Last week I went for dinner at a friend’s house. It was going to be more like supper than a dinner party but in the post-Leveson era it’s quite hard to say that without feeling the need for inverted commas. Or a cloak of auburn curls to swish. Let’s just say that this was a pretty informal do. I wanted to take along a dessert that had to be tasty – of course – but also something easily transportable. Capable of withstanding the shoving elbows of rush-hour tubes and still be just glamourous enough to raise an ‘ooh’ at 10pm. Step forward the versatile scrumptiousness of the sweet tart.
There are so many versions of a sweet tart. That’s partly what is so great about it. Lemon and almond are a classic and nicely understated combo but on their own they can lean too much towards afternoon tea and not be quite enough ‘bring out the digestifs’. It’s this recipe’s orange zest pastry, rosewater, and lightness from the whipped egg whites that give the tart just the right amount of after-dinner sophistication.
Lemon and Almond Tart – serves 6
Note that the pastry case can be done ahead of time.
To bake your pastry case blind:
- 220g plain flour
- 25g ground almonds
- 50g icing sugar
- pinch of salt
- grated zest of an orange
- 150g butter – cold and cut into 2cm squares
- 1 egg yolk
- 1tbsp essence of rosewater
1. Sift into a large bowl the flour, icing sugar, ground almonds and salt. Add in the orange zest. Now use your fingertips to rub the butter cubes in until the whole thing becomes like crumbs.
2. Make a little well and into that goes the egg yolk and the rosewater. Bring it all together and knead just long enough for it to become a smooth dough. Form into a flat round shape, cover in clingfilm and chill for an hour.
3. Roll the pastry out onto a floured-surface to about 3-4mm thick and obviously big enough to cover the tart tin. By easing one end of it over your rolling pin you should be able to lift the whole piece up and lay it over the tin. Press into the sides but don’t get rid of all the pastry that’s overhanging – pastry tends to shrink so too- hasty trimming can be a problem. Prick the base all over with a fork. Chill again for 20 minutes. Preheat the oven to 180C and put a baking sheet into the oven to get hot too.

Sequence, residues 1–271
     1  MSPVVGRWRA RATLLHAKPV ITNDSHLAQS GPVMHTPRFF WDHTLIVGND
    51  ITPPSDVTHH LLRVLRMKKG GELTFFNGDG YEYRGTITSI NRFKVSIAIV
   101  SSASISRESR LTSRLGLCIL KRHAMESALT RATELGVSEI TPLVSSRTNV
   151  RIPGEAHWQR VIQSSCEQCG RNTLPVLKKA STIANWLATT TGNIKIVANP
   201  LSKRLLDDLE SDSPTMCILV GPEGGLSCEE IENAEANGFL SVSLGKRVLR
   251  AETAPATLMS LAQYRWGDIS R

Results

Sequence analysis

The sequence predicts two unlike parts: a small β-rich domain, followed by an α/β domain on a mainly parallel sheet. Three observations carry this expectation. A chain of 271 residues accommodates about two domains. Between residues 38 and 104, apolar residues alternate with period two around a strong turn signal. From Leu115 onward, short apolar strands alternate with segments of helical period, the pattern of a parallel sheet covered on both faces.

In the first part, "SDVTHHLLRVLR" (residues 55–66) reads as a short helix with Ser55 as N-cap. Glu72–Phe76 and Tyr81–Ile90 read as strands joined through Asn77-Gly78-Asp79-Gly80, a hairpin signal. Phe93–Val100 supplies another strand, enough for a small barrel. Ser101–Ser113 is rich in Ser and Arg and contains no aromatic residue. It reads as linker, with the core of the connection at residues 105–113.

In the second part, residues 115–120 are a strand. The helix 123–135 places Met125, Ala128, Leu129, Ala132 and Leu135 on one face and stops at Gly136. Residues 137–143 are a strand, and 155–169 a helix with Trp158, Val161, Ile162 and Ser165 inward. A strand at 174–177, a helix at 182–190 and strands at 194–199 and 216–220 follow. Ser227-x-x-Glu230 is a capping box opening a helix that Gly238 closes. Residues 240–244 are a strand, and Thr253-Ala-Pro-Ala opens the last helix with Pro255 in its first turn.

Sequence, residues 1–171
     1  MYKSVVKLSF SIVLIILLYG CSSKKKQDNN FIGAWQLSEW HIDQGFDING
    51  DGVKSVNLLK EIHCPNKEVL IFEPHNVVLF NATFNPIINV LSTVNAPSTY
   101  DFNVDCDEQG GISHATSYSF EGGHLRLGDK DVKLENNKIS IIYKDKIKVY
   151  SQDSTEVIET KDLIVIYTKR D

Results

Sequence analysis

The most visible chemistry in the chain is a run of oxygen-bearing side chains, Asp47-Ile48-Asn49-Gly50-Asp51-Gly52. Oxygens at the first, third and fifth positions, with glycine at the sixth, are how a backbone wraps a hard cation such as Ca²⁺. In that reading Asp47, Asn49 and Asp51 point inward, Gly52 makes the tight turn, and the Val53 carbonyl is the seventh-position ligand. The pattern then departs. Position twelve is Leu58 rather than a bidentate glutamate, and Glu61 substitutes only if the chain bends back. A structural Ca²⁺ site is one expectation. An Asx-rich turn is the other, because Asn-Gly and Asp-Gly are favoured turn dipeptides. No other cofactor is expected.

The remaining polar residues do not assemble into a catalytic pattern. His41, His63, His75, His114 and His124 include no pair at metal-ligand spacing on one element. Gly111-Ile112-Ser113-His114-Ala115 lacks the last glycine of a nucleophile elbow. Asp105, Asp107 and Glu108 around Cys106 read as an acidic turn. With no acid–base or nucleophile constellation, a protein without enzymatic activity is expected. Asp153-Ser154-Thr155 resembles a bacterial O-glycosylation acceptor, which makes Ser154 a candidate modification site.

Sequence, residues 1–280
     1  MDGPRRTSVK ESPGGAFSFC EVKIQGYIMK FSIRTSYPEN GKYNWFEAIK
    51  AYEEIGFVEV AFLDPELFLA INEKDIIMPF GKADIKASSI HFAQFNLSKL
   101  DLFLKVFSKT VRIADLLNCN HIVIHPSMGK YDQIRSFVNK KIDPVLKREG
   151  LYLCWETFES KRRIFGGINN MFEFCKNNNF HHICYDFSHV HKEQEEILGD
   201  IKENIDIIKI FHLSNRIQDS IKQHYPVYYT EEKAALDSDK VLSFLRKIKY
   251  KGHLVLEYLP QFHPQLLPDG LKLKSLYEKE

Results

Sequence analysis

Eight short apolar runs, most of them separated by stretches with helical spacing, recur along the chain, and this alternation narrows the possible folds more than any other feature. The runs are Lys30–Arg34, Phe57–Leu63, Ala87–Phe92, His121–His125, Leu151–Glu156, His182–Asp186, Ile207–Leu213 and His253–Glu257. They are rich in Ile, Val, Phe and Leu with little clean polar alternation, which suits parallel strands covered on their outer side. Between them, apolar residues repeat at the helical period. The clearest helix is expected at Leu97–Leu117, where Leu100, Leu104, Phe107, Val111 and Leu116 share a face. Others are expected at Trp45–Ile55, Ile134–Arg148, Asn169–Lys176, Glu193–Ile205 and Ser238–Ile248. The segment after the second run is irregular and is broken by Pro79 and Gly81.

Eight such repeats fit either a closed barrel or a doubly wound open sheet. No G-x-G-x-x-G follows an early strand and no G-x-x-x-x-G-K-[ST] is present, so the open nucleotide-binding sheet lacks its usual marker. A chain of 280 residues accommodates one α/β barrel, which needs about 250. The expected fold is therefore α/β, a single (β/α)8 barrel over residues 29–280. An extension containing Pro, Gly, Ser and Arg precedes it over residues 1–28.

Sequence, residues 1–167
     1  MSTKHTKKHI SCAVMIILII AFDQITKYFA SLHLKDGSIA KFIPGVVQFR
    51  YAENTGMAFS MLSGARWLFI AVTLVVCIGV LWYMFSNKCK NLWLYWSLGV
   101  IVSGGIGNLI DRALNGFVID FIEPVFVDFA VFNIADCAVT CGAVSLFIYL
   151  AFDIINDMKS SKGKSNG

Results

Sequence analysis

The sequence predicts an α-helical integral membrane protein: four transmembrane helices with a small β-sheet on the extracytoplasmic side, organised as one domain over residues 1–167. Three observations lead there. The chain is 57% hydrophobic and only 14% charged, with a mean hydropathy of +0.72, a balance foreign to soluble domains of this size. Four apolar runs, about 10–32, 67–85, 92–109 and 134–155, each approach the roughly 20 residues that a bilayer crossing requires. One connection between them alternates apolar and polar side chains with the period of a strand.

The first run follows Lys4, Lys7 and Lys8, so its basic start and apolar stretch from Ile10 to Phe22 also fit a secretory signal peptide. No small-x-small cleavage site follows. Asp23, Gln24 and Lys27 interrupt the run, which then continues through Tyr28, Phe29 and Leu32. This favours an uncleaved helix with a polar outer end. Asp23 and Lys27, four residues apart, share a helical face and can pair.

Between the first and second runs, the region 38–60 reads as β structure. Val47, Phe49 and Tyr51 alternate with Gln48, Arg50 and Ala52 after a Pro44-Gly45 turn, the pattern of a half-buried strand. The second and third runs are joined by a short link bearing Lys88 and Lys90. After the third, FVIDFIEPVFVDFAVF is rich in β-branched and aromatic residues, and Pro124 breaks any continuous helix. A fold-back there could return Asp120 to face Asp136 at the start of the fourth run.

4. Cover the pastry case with a large piece of baking paper and fill it with baking beans or rice. You need to spread them out so that the whole base is being weighted down. Sit the tart tin on the hot baking sheet and bake for 15 minutes; then carefully remove the beans/paper and continue to bake the case for another 5 minutes. Leave it to cool down while preparing the filling. Some trimming of the pastry edges can be done now, but you’ll really sort this out properly at the very end.
Making the tart:
- 4 egg yolks
- juice of 2 lemons and the grated zest of 1
- 2tbsp essence of rosewater
- 100g soft unsalted butter
- 100g caster sugar
- 25g plain flour
- 75g ground almonds
- 2 egg whites
- 2tbsp flaked almonds
- 1tbsp icing sugar
Preheat the oven to 180C.
1. Whisk the egg yolks with the lemon juice, zest and the rosewater.
2. In a separate bowl, beat together the butter and sugar until it becomes smooth and light. This goes into the eggs etc and it all needs to be beaten again. Sift the flour and ground almonds and mix those in too.
3. In a clean bowl whisk the egg whites until they’re light and stiff. Not quite meringue-level stiff but still as determinedly set as Prunella Scale’s hairdo in Fawlty Towers. Gently fold the whites into everything else but try to retain as much of their lightness as you can.
4. Pour all of this into the pastry case and level off the top. It needs to bake for about 35 minutes until set and a lovely golden colour. About 7 minutes before the end of the cooking time, scatter the flaked almonds over.
5. Allow the tart to cool in its tin – don’t try to remove the ring for an hour or so. When you do want to, stand the tart on something sturdy and about the same width as the hole inside the tart-ring – the ring will drop from the sides. Lift the tart off its make-shift stand.
6. Now to trim those pastry edges. For an after-dinner tart when too much pastry doesn’t feel quite right I like to trim it so that it sits barely a few millimetres above the top of the filling. Use a small sharp knife and as much dexterity as you have to create an even, smooth edge. I end up using the side of the blade to almost shave the pastry smooth and level.
Finish with a dusting of icing sugar raining down from a small sieve.
Serve with cream or ice-cream.
My tart and I made it in one piece across London. Although there was point there at Oxford Circus when we seemed to have become the pins in a game of commuter bowling. And in the end our evening turned out to be a full-on dinner-party after all, not “supper”. My simple tart may have got the dress-code slightly wrong but with all the classic appeal of a well-cut suit it sailed through with aplomb.